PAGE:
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Mint and Horseradish

Karin and Gus wrote:

We have adopted a plot in a community garden that is filled with mint and
This is the time of year to harvest horseradish, so you might as well dig up what you can and process it. A nice horseradish sauce is always a welcome gift (but maybe that's my Eastern European hertiage talking! ;-D)

You can also make mint jelly, mint liquor and dry mint for tea.

All this harvesting will make you feel like you got something out of the plot and will knock down some of the plants before going to the next step.

How can we get rid of it without the use of chemicals?
If you aren't going to plant anything more this year, find out where your local appliance shop stashes its cardboard and cover the entire plot with two or three layers of plain brown cardboard (not hard when you're using refrigerator boxes). Cover the whole thing with wood chips, fallen leaves, manure and whatever other organic matter you can get your hands on.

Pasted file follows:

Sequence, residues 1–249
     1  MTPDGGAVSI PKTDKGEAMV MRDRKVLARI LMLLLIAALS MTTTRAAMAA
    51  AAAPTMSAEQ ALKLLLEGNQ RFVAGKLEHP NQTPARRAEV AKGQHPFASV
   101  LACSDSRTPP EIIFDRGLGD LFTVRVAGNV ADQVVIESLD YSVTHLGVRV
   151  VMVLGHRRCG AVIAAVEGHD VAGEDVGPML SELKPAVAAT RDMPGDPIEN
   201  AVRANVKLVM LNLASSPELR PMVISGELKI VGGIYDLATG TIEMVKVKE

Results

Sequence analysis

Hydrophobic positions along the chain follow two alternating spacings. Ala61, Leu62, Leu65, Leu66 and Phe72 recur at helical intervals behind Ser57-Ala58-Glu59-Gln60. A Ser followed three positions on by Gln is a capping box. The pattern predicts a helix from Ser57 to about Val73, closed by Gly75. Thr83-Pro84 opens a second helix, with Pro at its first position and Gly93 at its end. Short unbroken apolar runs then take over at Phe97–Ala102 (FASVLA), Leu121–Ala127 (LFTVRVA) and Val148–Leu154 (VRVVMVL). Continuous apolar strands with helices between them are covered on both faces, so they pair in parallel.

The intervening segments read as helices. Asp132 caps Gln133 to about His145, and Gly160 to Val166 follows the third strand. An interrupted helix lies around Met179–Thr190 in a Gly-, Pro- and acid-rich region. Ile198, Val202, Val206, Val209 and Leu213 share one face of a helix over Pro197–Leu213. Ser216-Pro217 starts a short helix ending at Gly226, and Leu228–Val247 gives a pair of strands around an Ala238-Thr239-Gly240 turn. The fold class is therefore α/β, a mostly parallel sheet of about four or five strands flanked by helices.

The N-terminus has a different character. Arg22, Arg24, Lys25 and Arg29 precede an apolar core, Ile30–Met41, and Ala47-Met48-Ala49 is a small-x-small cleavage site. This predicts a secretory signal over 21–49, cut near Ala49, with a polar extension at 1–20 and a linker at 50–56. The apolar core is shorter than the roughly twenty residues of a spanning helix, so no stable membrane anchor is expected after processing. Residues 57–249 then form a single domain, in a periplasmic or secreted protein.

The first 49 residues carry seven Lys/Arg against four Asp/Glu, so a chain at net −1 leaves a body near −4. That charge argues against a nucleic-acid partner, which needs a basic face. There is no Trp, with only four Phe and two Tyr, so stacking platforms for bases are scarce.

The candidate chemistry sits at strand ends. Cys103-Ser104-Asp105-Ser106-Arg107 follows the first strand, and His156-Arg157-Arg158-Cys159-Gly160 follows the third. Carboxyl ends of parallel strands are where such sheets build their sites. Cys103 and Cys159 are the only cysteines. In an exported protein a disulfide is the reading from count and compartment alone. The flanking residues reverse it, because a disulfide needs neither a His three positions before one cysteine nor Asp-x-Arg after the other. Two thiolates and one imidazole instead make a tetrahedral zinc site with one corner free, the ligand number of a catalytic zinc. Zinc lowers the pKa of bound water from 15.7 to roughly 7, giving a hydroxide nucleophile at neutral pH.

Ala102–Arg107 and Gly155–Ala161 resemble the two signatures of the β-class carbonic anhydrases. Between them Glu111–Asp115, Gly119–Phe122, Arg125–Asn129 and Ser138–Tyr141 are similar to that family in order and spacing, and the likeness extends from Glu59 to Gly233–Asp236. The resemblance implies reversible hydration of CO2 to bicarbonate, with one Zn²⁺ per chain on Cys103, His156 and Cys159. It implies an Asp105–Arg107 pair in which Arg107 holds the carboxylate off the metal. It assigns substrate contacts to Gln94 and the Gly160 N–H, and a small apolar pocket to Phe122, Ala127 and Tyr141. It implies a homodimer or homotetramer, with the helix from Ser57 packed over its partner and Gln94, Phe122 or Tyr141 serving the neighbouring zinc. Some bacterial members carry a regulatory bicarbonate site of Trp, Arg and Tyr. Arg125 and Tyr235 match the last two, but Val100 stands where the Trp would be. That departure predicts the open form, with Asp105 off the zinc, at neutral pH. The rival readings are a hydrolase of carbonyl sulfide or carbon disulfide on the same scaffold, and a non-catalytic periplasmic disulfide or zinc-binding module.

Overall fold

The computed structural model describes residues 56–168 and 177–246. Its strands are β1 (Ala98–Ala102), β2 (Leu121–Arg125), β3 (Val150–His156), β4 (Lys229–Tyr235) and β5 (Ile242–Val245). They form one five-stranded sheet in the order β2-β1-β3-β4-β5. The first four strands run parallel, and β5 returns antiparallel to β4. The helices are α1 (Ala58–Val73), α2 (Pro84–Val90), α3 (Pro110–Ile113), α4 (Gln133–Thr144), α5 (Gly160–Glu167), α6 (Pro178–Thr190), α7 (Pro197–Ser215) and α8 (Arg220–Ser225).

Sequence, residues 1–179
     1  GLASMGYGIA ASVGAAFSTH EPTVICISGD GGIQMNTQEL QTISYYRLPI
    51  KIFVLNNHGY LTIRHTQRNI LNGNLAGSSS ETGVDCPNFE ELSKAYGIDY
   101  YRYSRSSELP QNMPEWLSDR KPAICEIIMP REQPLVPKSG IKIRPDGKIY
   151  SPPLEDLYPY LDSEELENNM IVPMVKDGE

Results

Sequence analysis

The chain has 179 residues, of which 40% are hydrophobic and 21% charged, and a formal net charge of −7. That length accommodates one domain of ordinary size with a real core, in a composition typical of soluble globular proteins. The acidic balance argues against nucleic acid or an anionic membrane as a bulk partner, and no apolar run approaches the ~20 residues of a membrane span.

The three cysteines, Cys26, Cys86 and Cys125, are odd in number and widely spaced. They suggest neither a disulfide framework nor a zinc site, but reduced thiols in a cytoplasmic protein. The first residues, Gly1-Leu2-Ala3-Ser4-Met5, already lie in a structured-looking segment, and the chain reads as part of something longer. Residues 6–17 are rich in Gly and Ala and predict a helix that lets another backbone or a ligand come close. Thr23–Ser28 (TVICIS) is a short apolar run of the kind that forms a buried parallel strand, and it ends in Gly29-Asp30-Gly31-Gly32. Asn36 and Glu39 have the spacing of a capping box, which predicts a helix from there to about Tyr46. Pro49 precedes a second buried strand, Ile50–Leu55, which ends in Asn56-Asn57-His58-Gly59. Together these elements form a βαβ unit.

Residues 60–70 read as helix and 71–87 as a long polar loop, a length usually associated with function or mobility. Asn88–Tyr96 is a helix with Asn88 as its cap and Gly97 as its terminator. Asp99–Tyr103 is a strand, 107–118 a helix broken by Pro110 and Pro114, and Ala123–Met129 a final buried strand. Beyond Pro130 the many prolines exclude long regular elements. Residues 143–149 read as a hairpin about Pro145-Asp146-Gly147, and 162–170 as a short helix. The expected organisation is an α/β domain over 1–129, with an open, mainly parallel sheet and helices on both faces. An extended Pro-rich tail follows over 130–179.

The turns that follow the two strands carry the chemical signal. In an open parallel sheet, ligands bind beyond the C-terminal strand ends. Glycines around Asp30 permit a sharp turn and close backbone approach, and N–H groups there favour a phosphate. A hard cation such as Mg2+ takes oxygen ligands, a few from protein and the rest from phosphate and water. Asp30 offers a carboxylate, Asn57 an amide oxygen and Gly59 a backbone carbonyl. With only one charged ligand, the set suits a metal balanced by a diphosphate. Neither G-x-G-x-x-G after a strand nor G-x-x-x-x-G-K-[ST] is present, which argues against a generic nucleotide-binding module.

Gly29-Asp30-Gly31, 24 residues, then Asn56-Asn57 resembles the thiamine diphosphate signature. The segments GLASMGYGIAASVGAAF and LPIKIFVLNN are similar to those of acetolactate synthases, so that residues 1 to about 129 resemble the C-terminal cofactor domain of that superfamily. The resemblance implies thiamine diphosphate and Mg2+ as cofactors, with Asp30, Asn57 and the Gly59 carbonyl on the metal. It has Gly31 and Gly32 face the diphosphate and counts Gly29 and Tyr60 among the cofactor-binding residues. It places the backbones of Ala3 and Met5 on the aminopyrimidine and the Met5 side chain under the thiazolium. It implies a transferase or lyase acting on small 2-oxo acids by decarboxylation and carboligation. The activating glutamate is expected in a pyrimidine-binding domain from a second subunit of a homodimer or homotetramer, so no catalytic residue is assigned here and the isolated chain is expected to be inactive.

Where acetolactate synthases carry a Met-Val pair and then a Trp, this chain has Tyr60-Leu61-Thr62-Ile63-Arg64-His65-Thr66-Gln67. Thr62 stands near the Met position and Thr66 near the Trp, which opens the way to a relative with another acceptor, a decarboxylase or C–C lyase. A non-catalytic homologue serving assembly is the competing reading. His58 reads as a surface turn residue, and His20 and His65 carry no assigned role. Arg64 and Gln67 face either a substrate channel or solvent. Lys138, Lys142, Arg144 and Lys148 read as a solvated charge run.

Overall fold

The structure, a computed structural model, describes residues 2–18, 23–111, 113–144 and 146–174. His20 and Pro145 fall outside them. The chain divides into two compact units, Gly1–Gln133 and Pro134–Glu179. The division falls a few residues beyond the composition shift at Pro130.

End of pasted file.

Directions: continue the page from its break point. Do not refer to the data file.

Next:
By spring, everything will be smothered and the worms will have broken down the organic matter such that you will have a near-perfect planting bed to place whatever plants you like.


Dorene Pasekoff, Coordinator
St. John's United Church of Christ Organic Community Garden

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St. John's United Church of Christ, 315 Gay Street, Phoenixville, PA 19460

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